Oil palm smallholders are farmers with less than 25 hectares of planted oil palm. On average, smallholders manage about 2 hectares per household. Traditionally, the family provides the majority of labor and grows other crops for subsistence1.
There are two types of smallholders: Scheme and Independent.
|Scheme smallholders||Independent smallholders|
|Bounded to a particular mill by contract or credit agreement||✓||✗|
|Autonomy to work with mill operator or agent of their choice||✗||✓|
|Receive supervision and training on planting, crop management techniques by mill managers||✓||✗|
|Access to schemes or assistance from government agencies, businesses or cooperatives||High||Low|
As of 2015, smallholders in Indonesia hold approximately 40% of oil palm plantations – independent smallholders at 22.5% (2.54 million ha) and plasma or scheme smallholders at 17.7% (2 million ha). There is an estimated number of over 1 million smallholders in Indonesia2. Yet, only less than 1% of independent smallholders are certified by the Roundtable on Sustainable Palm Oil (RSPO) and Indonesia Sustainable Palm Oil (ISPO)3.
According to the Palm Oil Agribusiness Strategic Policy Initiative (PASPI), smallholders are set to manage 60% of Indonesia’s oil palm plantations by 2030. This means that smallholders are a substantial group that must be included in the journey to make sustainable palm oil the norm.
|1||RSPO Smallholders Definition. Roundtable on Sustainable Palm Oil (RSPO). Retrieved here.|
|2||Overview of Indonesian Oil Palm Smallholder Farmers. Daemeter, November 2015. Retrieved here.|
|3||Smallholder Farmers Are Key to Making the Palm Oil Industry Sustainable. World Resources Institute (WRI), March 2018. Retrieved here.|
Independent smallholders are usually disadvantaged due to the lack of access to updated technical and operational knowledge, limited access to markets, and financial resources. The result is often lower yield productivity, profitability, and sustainability standards. Scheme smallholders, due to their business relations with companies, have access to technical knowledge and financial resources. This is covered under our KKPA (Kredit Koperasi Primer Anggota) scheme.
Research from International Finance Corporation, a member of the World Bank, shows that independent smallholder yield is 116% below company plantations in Indonesia. The research also highlighted the agricultural practices of smallholders and how it can be improved, such as the efficient use of fertilizers and optimal harvesting periods.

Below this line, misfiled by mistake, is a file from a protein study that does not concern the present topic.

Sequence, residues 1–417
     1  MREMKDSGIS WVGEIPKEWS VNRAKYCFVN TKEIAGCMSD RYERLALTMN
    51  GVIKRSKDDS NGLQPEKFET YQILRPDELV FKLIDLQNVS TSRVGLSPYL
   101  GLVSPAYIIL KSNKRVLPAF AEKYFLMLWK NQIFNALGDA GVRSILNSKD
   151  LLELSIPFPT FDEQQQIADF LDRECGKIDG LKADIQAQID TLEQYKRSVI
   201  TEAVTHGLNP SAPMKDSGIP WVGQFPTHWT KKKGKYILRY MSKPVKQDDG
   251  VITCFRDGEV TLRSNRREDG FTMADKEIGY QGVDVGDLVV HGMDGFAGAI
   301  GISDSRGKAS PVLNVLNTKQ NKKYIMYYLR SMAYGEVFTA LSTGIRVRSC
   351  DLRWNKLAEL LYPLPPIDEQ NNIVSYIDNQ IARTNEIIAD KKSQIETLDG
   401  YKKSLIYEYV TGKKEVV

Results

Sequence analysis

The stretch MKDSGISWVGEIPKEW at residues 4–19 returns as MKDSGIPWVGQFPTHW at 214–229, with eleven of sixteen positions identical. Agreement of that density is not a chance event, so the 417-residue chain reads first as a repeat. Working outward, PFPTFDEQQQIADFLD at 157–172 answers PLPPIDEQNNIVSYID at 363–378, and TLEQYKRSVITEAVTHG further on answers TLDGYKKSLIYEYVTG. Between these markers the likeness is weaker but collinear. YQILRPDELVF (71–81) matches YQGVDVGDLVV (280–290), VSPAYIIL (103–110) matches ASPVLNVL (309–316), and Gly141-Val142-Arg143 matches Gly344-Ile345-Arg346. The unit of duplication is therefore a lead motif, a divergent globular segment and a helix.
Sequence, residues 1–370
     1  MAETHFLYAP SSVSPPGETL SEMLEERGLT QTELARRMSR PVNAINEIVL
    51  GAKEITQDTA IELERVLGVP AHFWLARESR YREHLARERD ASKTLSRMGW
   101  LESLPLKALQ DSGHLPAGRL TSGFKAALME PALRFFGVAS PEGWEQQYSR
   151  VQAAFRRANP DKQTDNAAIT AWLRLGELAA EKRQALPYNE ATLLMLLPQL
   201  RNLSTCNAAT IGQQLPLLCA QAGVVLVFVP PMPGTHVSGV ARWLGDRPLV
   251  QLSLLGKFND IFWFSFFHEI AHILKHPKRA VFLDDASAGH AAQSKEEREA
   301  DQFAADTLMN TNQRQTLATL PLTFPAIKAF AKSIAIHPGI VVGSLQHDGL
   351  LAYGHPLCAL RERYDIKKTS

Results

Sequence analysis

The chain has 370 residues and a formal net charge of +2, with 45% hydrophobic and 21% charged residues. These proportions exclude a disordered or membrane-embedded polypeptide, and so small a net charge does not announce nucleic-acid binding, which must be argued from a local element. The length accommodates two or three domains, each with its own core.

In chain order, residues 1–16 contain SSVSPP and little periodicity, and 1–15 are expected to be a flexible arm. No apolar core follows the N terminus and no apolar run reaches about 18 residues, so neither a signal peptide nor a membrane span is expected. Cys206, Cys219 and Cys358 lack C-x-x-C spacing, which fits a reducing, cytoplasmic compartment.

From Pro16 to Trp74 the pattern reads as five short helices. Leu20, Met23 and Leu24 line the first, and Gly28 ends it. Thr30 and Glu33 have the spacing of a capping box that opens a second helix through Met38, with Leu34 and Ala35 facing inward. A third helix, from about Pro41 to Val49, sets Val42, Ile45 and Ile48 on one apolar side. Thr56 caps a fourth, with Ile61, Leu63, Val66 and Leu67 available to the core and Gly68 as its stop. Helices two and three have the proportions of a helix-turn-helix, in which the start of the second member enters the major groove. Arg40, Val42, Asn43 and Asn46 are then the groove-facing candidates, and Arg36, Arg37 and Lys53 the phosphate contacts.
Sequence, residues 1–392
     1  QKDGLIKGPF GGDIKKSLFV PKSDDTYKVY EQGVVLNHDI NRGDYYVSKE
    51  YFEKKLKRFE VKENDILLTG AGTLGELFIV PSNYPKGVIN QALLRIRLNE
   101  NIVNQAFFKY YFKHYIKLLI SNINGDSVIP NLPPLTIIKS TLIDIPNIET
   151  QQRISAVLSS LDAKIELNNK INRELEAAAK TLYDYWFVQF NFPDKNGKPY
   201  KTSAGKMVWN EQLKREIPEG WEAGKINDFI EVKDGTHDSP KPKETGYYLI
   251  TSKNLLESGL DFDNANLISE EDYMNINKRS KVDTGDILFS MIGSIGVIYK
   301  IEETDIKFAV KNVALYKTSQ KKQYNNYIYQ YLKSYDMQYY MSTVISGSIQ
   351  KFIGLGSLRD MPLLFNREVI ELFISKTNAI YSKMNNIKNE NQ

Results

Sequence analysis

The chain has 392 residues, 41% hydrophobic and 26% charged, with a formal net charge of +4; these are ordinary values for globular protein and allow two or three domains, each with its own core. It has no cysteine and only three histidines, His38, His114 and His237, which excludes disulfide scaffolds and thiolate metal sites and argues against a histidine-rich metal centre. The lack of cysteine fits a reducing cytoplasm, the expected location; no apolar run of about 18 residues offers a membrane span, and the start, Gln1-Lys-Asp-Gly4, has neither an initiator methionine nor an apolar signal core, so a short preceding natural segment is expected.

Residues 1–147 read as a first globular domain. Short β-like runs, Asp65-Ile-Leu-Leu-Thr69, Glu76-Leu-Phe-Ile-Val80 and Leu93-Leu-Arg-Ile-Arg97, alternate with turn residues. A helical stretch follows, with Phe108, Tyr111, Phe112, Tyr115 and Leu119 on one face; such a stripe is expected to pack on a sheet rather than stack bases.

As smallholders depend on the forests and environment for their livelihood, it is essential to promote sustainable production of oil palm to ensure resilience and long-term economic growth.
What is the smallholder program?
Targeted at independent smallholders, our program aims to integrate independent oil palm smallholders into sustainable palm oil supply chains. Its curriculum is developed from a diagnostic study on smallholders and is developed around five components that would encourage smallholders to produce oil palm sustainably.
Improve oil palm agricultural practices. Increase quality and yield. Increase income and improve livelihoods.
Increase market access by enhancing communication between smallholders and mills. Improve access to agri-finance for fertilizers.
Support replacement and replanting efforts in the case of aging palm.
Confirm the legality of the smallholders’ land titles.
Assist smallholders to generate alternative income.
The curriculum modules within components of the smallholder program are designed such that smallholders work towards NDPE policy compliance. The modules and components are geared towards improving the livelihoods of smallholders. It covers good agricultural practices, financial literacy, and personal nutrition. The figure below lists the modules taught in the smallholder program.
Improving independent smallholders’ access to finance empowers them towards better profitability, social cohesion, and environmental protection. To facilitate this process, Musim Mas financed a working paper by the Singapore Institute of International Affairs (SIIA) to explore the prospect of providing green financing to independent smallholders. Read the full working paper here.